Filling the cavity between the inner shell 122 and the liner 132 is a phase change material 144, the material being any material which changes from a solid to a liquid state at a substantially constant temperature. Paraffin wax and lithium chloride are examples of such materials which may be utilized, but these are by way of example only and are not to be considered as a limitation of the invention or the materials therefor. To charge or freeze the phase change material condenser (or capacitor) a refrigerant cooling coil 148, which may be copper tubing, is disposed throughout the phase change material and may be filled with a cold gas such as nitrogen. Nitrogen under high pressure may be expanded to lower its temperature and pass into and fill the coil 148 prior to launch and, if required, the coil may be recharged at the space station. The refrigerant coil not only charges but acts to maintain the phase change material in its charged condition for a longer period.
The longitudinally extending space between the shells 122, 124, as in the first embodiment, is filled with a multi-layer insulation material 150, this material also being a thin film continuous wrap plastic having metallic film surfaces. However, the section 152 between the shells 122, 124 and between the portion of the inner shell 122 which is extended toward the honeycomb end wall 126 is filled with a multi-layer insulation of the same material as the material 150, but this is formed into multi-layered disks rather than continuous wrap so as to fit properly within the geometric confines of that space. Furthermore, to add additional structural integrity to the container structure, a plurality of struts 154 may extend transversely between the inner and outer shells, the struts 154 being formed from glass fiber material into substantially cylindrical members having a diameter in the order of approximately 0.375 inch.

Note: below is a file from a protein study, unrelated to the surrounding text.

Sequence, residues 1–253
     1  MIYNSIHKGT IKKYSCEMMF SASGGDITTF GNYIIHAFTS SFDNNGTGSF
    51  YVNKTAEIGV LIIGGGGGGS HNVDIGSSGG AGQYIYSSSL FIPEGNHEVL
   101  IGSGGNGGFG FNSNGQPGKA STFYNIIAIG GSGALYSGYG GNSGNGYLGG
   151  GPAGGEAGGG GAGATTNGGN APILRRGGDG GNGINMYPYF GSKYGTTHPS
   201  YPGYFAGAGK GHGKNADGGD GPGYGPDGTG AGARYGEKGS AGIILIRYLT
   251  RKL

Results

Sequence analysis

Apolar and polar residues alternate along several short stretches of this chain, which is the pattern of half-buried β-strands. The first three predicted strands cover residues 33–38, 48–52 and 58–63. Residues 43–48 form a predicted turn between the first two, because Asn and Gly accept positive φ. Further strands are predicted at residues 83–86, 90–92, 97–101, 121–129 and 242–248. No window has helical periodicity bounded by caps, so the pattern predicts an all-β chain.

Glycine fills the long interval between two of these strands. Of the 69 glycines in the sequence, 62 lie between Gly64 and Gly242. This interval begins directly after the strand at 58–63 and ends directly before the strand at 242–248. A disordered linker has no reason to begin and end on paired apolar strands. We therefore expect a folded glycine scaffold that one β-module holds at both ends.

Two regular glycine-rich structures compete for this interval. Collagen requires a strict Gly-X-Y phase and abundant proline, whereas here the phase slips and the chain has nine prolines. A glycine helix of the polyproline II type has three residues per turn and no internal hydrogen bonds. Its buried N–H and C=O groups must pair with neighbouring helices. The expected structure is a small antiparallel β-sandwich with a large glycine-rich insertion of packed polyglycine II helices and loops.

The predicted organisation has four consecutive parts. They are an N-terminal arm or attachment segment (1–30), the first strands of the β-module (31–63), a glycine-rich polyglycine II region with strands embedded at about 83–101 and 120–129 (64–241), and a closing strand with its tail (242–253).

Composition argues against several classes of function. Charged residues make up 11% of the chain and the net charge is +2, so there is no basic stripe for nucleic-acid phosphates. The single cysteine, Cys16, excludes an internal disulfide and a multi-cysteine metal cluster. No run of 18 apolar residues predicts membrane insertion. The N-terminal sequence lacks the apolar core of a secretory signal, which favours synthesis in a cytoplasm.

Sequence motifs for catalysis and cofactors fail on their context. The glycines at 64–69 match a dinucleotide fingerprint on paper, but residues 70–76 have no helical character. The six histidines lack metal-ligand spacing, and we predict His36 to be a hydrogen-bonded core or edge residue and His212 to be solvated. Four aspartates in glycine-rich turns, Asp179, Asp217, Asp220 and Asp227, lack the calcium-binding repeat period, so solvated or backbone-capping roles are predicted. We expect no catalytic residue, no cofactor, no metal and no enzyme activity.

Two units 118 with the samples in the storage space 142 are connected together along the annular honeycomb opened ends, and a vacuum is drawn in the space between the shells 122, 124 in a manner similar to that in the first embodiment. Of course, here also a getter material should be incorporated in the space between the respective inner and outer chambers for absorbing trace gasses trapped therein.
Accordingly, the present invention provides a passive, long term storage capability for frozen and refrigerated food and for very low temperature biological samples. It therefore eliminates the various fluid/thermal and electrical interfaces with the logistics module etc. while still providing the low temperatures required for the mission.
Numerous alterations of the structure herein disclosed will suggest themselves to those skilled in the art. However, it is to be understood that the present disclosure relates to the preferred embodiment of the invention which is for purposes of illustration only and not to be construed as a limitation of the invention. All such modifications which do not depart from the spirit of the invention are intended to be included within the scope of the appended claims.
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|U.S. Classification||220/592.21, 62/371, 62/3.6, 62/457.7, 220/592.27|
|International Classification||F25D3/00, F17C3/08|
|Cooperative Classification||F25D2303/0831, F17C3/08, F25D3/00|
|European Classification||F17C3/08, F25D3/00|
|Apr 1, 1988||AS||Assignment|
Owner name: LOCKHEED MISSILES & SPACE CO., HUNTSVILLE ENGINEER
Free format text: LICENSE;ASSIGNORS:OWEN, JAMES W.;DEAN, WILLIAM G.;REEL/FRAME:005112/0012
Effective date: 19890307
|Sep 1, 1989||AS||Assignment|
Owner name: UNITED STATES OF AMERICA, THE, AS REPRESENTED BY T
Free format text: ASSIGNMENT OF ASSIGNORS INTEREST.;ASSIGNORS:OWEN, JAMES W.;DEAN, WILLIAM G.;REEL/FRAME:005119/0049
Effective date: 19880223
|Nov 17, 1992||REMI||Maintenance fee reminder mailed|
|Apr 18, 1993||LAPS||Lapse for failure to pay maintenance fees|
|Jul 6, 1993||FP||Expired due to failure to pay maintenance fee|
Effective date: 19930418